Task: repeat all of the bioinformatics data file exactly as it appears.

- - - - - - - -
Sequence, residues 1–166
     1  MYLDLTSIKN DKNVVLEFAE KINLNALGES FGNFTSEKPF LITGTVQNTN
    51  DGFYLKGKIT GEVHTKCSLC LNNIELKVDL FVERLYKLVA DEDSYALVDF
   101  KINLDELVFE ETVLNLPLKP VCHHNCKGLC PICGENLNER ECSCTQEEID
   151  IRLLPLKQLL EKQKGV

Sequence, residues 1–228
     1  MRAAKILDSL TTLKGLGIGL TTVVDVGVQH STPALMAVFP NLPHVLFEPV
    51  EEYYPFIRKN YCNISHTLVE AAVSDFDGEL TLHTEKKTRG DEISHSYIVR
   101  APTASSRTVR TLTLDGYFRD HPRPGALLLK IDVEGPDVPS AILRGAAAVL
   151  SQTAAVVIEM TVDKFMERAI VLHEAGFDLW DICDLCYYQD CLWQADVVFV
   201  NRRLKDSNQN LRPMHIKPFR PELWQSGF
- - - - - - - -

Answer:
Sequence, residues 1–166
     1  MYLDLTSIKN DKNVVLEFAE KINLNALGES FGNFTSEKPF LITGTVQNTN
    51  DGFYLKGKIT GEVHTKCSLC LNNIELKVDL FVERLYKLVA DEDSYALVDF
   101  KINLDELVFE ETVLNLPLKP VCHHNCKGLC PICGENLNER ECSCTQEEID
   151  IRLLPLKQLL EKQKGV

Sequence, residues 1–228
     1  MRAAKILDSL TTLKGLGIGL TTVVDVGVQH STPALMAVFP NLPHVLFEPV
    51  EEYYPFIRKN YCNISHTLVE AAVSDFDGEL TLHTEKKTRG DEISHSYIVR
   101  APTASSRTVR TLTLDGYFRD HPRPGALLLK IDVEGPDVPS AILRGAAAVL
   151  SQTAAVVIEM TVDKFMERAI VLHEAGFDLW DICDLCYYQD CLWQADVVFV
   201  NRRLKDSNQN LRPMHIKPFR PELWQSGF